Muriel Lester decided to identify herself with the underprivileged people of Bow. The hole in the wall she first rented was no larger than six by nine. Her first occupation was simply to get acquainted with her fellow residents. They were never a bore. Even after she had been there more than a dozen years and Kingsley Hall, established in memory of her brother, had proved a popular neighborhood house for more than three years, a stout and bibulous lady whom we shall call Mrs. Smith set out from one of the thirty nearby saloons to "teach her a lesson."
It was after the armistice that ended the First World War. The community still had war fever. Mrs. Smith had had trouble with her daughter and it occurred to her confused brain one night that Miss Lester would be a convenient scapegoat for her own suffering.
A neighbor overhearing the threat, rushed in Kingsley Hall to warn the workers there. "Mrs. Smith is treating everybody down at the Rose and Crown so that they'll follow her. They're all coming from the pub to throw vitriol in your face, dear. You'd better call the police."
But the Kingsley Hall folk wouldn't do that. Miss Lester told her colleagues, "This is our testing time. We're going to be attacked in a few minutes. What's the good of saying, 'Sufficient is thin arm alone, and our defense is sure' if we don't mean it? Let's go on dancing, but pass the word along to everybody quietly."
They did, and they had that gleam of excitement that sometimes brightens the pacifist eye. Soon it was ten o'clock, closing time, but not a sign of the redoubtable Mrs. Smith. Most of the people went home a little disappointed but perhaps also relieved. The few remaining for prayer and sweeping and cleaning suddenly found some 20 excited men and women had burst through the side door of the hall, led by you know who. The huge Mrs. Smith "like a walking oak tree" advanced on Miss Lester. Kingsley Hall, she thought, should pay for what had happened to her daughter. She began a veritable tirade and seemed unable to stop it. The defense lay wholly in silent awareness of God.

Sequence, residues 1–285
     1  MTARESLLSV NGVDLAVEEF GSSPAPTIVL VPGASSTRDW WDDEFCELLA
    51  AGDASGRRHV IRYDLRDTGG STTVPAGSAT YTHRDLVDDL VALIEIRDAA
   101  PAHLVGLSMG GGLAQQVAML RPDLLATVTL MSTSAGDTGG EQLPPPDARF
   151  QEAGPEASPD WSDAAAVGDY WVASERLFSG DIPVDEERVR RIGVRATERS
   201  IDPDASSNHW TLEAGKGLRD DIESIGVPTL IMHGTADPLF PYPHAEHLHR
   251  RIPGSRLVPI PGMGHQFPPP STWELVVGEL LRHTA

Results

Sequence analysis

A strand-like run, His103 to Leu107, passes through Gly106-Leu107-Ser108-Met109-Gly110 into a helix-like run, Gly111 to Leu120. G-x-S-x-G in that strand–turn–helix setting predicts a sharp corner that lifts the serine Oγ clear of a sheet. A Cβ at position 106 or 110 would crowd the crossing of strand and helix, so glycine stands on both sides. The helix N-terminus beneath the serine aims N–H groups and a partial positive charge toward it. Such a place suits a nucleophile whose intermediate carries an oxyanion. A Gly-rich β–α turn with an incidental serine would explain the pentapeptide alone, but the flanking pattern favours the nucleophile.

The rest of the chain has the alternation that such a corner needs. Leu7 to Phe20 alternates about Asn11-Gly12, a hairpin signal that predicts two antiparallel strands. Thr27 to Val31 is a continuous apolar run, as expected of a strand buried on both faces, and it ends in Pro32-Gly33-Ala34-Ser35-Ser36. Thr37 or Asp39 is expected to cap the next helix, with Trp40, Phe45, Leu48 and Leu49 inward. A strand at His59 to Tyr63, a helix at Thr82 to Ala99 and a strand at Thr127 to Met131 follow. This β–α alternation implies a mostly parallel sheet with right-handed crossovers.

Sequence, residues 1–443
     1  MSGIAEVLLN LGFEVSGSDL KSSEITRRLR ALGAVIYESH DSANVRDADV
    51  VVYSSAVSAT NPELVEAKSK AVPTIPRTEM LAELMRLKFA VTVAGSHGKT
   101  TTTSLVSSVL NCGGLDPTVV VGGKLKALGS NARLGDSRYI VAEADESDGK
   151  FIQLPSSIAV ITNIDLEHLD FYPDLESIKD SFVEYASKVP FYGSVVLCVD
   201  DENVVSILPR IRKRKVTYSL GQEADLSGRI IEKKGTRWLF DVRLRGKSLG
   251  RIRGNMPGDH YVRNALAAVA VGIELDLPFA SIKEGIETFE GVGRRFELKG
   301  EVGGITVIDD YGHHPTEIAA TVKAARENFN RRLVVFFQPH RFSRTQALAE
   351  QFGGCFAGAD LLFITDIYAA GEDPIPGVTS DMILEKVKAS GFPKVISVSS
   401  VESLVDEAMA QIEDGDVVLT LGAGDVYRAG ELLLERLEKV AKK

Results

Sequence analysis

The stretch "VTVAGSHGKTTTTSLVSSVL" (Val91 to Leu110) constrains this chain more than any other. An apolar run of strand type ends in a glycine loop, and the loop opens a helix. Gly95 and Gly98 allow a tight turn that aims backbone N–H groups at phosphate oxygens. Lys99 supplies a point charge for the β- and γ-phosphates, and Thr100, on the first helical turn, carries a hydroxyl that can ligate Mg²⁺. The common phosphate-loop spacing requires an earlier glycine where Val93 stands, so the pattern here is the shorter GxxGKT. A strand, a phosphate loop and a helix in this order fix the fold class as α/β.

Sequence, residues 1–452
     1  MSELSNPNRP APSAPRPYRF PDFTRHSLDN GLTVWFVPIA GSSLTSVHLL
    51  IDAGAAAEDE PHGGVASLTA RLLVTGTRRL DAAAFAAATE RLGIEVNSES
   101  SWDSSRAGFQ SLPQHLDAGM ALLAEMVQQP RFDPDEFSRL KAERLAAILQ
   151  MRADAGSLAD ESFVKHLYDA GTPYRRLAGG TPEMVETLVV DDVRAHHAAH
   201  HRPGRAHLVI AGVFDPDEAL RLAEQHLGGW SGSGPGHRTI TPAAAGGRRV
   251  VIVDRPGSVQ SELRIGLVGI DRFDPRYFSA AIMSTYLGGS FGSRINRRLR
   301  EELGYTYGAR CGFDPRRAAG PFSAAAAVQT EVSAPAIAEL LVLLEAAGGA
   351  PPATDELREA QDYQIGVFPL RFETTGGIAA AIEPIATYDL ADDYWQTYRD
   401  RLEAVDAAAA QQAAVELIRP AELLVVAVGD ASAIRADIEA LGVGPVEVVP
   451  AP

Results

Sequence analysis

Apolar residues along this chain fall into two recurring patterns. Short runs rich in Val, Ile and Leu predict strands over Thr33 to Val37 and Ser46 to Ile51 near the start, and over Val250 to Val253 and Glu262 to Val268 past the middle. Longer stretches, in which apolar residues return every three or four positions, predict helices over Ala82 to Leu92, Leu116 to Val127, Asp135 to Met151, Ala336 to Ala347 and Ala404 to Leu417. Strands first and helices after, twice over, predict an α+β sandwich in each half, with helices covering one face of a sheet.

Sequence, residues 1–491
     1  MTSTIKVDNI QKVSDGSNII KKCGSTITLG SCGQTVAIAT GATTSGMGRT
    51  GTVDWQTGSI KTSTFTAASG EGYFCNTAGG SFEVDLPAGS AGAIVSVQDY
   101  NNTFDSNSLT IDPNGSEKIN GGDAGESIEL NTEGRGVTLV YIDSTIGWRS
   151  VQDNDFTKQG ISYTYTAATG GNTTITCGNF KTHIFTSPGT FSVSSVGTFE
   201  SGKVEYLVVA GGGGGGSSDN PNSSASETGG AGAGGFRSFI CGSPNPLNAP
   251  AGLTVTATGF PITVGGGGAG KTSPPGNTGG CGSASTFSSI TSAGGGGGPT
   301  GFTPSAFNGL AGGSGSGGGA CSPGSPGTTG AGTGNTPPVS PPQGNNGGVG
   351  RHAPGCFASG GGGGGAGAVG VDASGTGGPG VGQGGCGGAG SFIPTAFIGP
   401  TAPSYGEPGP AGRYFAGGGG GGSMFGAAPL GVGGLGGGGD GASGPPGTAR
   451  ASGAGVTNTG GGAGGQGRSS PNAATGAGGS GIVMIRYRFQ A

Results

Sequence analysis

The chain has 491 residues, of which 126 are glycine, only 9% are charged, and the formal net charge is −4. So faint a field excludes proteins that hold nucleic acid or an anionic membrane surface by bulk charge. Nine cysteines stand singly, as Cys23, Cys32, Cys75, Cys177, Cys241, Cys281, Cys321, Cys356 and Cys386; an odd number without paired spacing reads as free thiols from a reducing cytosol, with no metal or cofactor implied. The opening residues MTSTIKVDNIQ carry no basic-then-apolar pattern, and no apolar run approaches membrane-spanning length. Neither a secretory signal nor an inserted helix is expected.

At length a dock laborer detached himself from the group around Miss Lester; he slipped out by the side door into the prayer room. A minute later while Mrs. Smith was getting her breath for another outburst one of her tipsy supporters called out apparently quite irrelevantly, "Gawd will bring your daughter back, Mrs. Smith."
"Of course He will," broke in Miss Lester quickly, taking her cue. "Let's have a prayer about it."
Everybody gathered around, the men pulling off their caps, and joined the Kingsley Hall fellowship, praying that the Kingdom of Heaven might be set up in their streets and in their homes. All joined the Amen.
Then Miss Lester formally offered her arm to the surprised leader, and the two marched out together followed by all the rest, in amicable fashion.
Mrs. Smith became sober before they reached her home and solemnly swore eternal friendship, from which she has never wavered for a moment. Afterwards, if she heard anyone cricizing her friend, she would stand up massively, firmly place a hand on each hip and announce, "Miss Lester is a good woman. I won't hear nothing against her."
-- from interviews with Muriel Lester